Net debt of Godrej Properties down 51% in 1 year to Rs 15.39 billion thanks to better sales

Real estate company Godrej Properties has reduced its net debt by 51% over the past year to Rs 15.39 billion, mainly due to better sales bookings.

The net debt of Gordej Properties – the real estate arm of the Godrej Group – stood at Rs 15.39 billion as of September 30, 2018 against Rs 31.37 billion a year ago, according to an investors’ presentation for the second quarter of this year. year. tax.

The average cost of borrowing stood at 7.88% as of September 30, 2018 compared to 8.1% a year ago. The net debt to equity ratio also decreased from 2.08 to 0.6 during the period under review.

The sales performance of Mumbai-based Godrej Properties was good despite the general slowdown in the real estate market.

In the financial year 2017-2018, Godrej Properties’ sales bookings stood at a record 50.83 billion rupees. However, sales bookings fell by 42% to Rs 16.27 billion in the first half of this fiscal year.

“We have just completed the best year in the history of GPL (Godrej Properties Ltd) in terms of value and volume of real estate that we were able to sell,” the company’s executive chairman, Pirojsha Godrej, said in May. of this year.

Godrej Properties decided to focus on four key markets: Delhi-NCR, Mumbai, Bengaluru and Pune.

The company recently announced a sharp increase in its consolidated net profit to Rs 205.7 million for the second quarter of this fiscal year. Its net profit stood at Rs 0.21 crore in the prior year period.

Total revenue increased to Rs 4.8707 billion during the July-September period this financial year, compared to Rs 3.49 billion during the corresponding period of the previous year.

Godrej Properties has restated its figures for the previous year based on a new accounting standard.

Founded in 1990, the real estate company has successfully delivered 18 million square feet of real estate over the past five years. There were approximately 145 million square feet of developable area across India as of September 30, 2018.

Following an “asset-light business model,” the company typically partners with landowners to develop projects. He also has access to the group’s lands across India.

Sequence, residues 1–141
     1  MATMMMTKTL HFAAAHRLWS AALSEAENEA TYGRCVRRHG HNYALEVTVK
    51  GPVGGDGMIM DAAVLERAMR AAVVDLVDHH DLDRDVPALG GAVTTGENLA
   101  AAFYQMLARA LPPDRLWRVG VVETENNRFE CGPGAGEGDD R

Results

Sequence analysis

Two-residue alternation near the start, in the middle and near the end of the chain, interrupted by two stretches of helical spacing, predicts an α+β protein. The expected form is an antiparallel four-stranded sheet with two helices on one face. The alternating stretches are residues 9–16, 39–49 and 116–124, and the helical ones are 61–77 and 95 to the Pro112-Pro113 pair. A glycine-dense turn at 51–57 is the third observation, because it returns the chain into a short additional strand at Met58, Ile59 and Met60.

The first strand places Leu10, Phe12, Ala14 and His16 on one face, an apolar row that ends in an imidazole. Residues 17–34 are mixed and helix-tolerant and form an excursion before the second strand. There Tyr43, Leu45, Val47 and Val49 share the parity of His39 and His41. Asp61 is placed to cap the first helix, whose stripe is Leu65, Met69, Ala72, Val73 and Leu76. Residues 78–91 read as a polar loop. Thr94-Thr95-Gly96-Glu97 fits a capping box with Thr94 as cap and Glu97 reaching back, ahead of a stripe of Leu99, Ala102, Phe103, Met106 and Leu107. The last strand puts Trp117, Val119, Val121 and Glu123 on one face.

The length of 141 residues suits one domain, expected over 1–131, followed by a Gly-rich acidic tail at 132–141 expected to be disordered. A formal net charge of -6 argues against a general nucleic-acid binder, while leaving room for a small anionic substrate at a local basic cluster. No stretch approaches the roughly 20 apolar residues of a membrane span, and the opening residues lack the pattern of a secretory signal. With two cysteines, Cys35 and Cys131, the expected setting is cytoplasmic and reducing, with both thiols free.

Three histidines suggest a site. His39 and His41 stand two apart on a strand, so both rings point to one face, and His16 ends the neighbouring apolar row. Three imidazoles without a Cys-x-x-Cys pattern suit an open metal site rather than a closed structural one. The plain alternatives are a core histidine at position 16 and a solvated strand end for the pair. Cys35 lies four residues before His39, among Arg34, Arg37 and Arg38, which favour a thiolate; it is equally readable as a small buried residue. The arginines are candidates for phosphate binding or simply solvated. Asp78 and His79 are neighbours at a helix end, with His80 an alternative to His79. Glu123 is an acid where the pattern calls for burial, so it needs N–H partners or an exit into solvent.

Dear reader,

Business Standard has always endeavored to provide up-to-date information and commentary on developments that matter to you and that have wider political and economic implications for the country and the world. Your constant encouragement and feedback on how to improve our offering has only strengthened our resolve and commitment to these ideals. Even in these challenging times stemming from Covid-19, we remain committed to keeping you informed and updated with credible news, authoritative opinions and incisive commentary on relevant topical issues.
However, we have a request.

As we battle the economic impact of the pandemic, we need your support even more so that we can continue to bring you more great content. Our subscription model has received an encouraging response from many of you who have subscribed to our online content. More subscriptions to our online content can only help us achieve the goals of bringing you even better and more relevant content. We believe in free, fair and credible journalism. Your support through more subscriptions can help us practice the journalism we are committed to.

Support quality journalism and subscribe to Business Standard.

digital editor

Ann J. Cox